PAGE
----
Review – Ultimate Brick Safari at Knowsley Safari Park

As if families needed another reason to visit this summer, more than 80 life-size animals made entirely from LEGO bricks have landed at Knowsley Safari Park.

Over 1 million LEGO blocks make up the Ultimate Brick Safari – fashioned into a Bengal tiger, an elephant, gorillas, lions, meerkats and many, many more.

Eager to examine these marvellous creations close up, Educate magazine headed along to Knowsley‘s famous animal attraction.

Included with the price of your park entry (£17.50 for adults / £13.50 for kids under 16), the Ultimate Brick Safari runs through the Foot Safari.

But before our party of two adults and two children embarked on the LEGO hunt, we first took in the UK’s longest safari drive.

Separated into 11 different zones, the 550-acre Safari Drive features species from around the world – living in conditions which mimic the wild as close as possible.

Luckily our trip to Knowsley was blessed with beautiful summer weather so almost all of the animals were out on show, including some stunning zebras, awesome bison and mighty rhinos.

Halfway through the drive we came to an area which the kids had been excited and afraid to experience in equal measure.

There has been a baboon troop at Knowsley Safari Park since it first opened back in 1971, and Zone 7 remains a highlight of the safari to this day.

Unconcerned about any potential damage to my clapped-out motor, I steered our crew past the ‘car friendly monkey route’, and into the enclosure.

However as we witnessed mischievous monkeys casually removing parts from other vehicles with the skill of veteran mechanics – I soon wondered whether I’d made the right decision.

Alas it was too late to turn back, so gingerly I edged us forward closer to the gang of waiting primates and before long we had several of them clambering onto the car.

Naturally the kids found this hilarious – especially when one particularly cheeky chappie decided to relieve himself all over my back windscreen.

I decided we’d seen enough monkeys for one day and promptly negotiated us around a group of prone primates and out of the enclosure.

Our next encounter with some of the park’s favourite residents was a much more sedate affair as Knowsley’s pride of big cats were enjoying a midday snooze when we stopped by Lion Country.

The lion’s sleepy state however didn’t take away the thrill of seeing these magnificent animals close up.

Before we finished the Safari Drive, we bumped into (almost literally) a caravan of camels crossing the track.

Having an enormous Bactrian Camel looming over my tiny hatchback was one of the highlights of the day for sure.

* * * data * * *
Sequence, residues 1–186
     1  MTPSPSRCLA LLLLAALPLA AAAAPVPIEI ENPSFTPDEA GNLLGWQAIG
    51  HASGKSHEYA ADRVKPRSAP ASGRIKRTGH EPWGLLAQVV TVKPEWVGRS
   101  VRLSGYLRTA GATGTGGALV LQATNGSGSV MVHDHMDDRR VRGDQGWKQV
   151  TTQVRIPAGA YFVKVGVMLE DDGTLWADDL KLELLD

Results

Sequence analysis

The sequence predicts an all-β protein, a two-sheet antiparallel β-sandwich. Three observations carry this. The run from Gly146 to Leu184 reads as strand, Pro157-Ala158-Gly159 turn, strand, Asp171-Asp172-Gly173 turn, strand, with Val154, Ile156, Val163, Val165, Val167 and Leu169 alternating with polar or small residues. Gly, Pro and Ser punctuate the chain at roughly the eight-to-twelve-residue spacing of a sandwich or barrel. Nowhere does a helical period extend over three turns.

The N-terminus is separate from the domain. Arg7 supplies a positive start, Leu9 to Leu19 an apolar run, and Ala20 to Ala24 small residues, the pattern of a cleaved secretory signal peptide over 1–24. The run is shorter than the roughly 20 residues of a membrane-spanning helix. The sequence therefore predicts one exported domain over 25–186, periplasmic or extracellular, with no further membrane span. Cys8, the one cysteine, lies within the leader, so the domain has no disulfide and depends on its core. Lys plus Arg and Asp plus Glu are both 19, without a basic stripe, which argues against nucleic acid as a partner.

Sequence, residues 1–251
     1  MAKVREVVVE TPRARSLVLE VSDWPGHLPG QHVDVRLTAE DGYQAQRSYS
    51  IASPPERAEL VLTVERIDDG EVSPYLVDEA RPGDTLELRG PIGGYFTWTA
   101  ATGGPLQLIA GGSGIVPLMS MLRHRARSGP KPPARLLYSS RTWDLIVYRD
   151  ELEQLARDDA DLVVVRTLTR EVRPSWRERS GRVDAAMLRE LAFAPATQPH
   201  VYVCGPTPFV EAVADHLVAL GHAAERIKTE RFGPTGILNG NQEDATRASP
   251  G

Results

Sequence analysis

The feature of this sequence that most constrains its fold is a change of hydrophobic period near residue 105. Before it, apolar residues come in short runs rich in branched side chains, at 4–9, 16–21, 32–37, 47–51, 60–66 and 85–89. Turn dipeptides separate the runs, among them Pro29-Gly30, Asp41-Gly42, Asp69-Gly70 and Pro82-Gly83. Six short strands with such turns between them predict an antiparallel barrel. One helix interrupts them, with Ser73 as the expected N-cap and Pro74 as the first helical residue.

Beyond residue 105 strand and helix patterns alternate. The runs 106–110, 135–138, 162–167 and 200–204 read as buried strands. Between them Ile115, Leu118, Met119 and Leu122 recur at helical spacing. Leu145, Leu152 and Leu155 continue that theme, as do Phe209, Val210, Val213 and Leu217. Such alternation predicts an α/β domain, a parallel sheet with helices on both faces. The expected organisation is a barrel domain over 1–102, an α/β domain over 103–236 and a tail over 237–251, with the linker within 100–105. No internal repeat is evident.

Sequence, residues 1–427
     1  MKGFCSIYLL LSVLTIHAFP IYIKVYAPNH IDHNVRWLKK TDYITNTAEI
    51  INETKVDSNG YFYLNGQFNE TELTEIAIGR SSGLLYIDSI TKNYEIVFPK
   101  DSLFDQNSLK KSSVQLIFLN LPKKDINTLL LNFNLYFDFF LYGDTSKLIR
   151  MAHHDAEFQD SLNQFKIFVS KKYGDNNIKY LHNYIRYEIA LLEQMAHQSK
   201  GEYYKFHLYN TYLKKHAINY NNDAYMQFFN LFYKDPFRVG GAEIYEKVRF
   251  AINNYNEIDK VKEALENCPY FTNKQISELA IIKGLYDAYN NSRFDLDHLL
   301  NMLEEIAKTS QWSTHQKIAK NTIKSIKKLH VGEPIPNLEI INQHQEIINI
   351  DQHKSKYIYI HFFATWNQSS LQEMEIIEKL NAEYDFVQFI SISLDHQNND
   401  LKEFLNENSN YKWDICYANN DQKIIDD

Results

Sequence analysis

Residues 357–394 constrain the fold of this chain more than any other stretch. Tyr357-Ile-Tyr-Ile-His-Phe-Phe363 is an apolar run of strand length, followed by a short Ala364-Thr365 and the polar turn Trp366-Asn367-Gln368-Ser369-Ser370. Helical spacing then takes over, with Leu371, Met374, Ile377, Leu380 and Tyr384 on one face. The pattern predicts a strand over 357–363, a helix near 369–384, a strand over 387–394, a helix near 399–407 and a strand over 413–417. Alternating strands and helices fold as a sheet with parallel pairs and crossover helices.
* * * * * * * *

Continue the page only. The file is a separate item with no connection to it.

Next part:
The Safari Drive done and dusted, it was time to make our way over to the Foot Safari and begin our search for the animal’s life-sized LEGO counterparts.

The 11-year-old in our group quickly took charge of the operation and seized the map which outlined the location of each plastic sculpture.

Spurred on by our enthusiast young leader we rapidly began ticking LEGO animals of the list – ‘Earl Grey the Elephant’, ‘Colton the Condor’, ‘Linus the Lion’, and my personal favourite ‘Wilford the Warthog’.

The level of detail on each sculpture was remarkable and I agreed with a fellow explorer who remarked that the model makers “must have had the patience of Job!”.

In a further effort to engage the little ones, each creation was accompanied by a fact sign which contained the answers to a quiz printed on the map.

With a potential prize of a brick meerkat for correct completion – they didn’t need asking twice to fill it in.

Speaking of those small fury members of the mongoose family, discovering ‘Misha, Mikhail & Marc the Meerkats’ next-door to their real-life equivalents was a definitely a high point.

It was clear we weren’t the only ones fully committed to the activity as well, as I overheard a pair of twin girls call out to their mother, with feeling, “how many have we found so far?!”.

After spying ‘Cressida the Crocodile’ and ‘Tenzin the Tiger’ on the Amur Tiger Trail, the decision was made to call off the hunt and head for ice cream.

Regrettably we were unable to locate ‘Gorman the Gorilla’ despite our best efforts. It turns out the 186.5kg ape was sat at the entrance to the Foot Safari – some hunters we were!

Anyway, the Ultimate Brick Safari made for a fantastically interactive way to explore the Foot Safari and managed to excite and engage the children for hours.

An extremely well designed and welcome addition to an already fabulous attraction, it’s at Knowsley Safari Park until 2 September.

Can you find them all?

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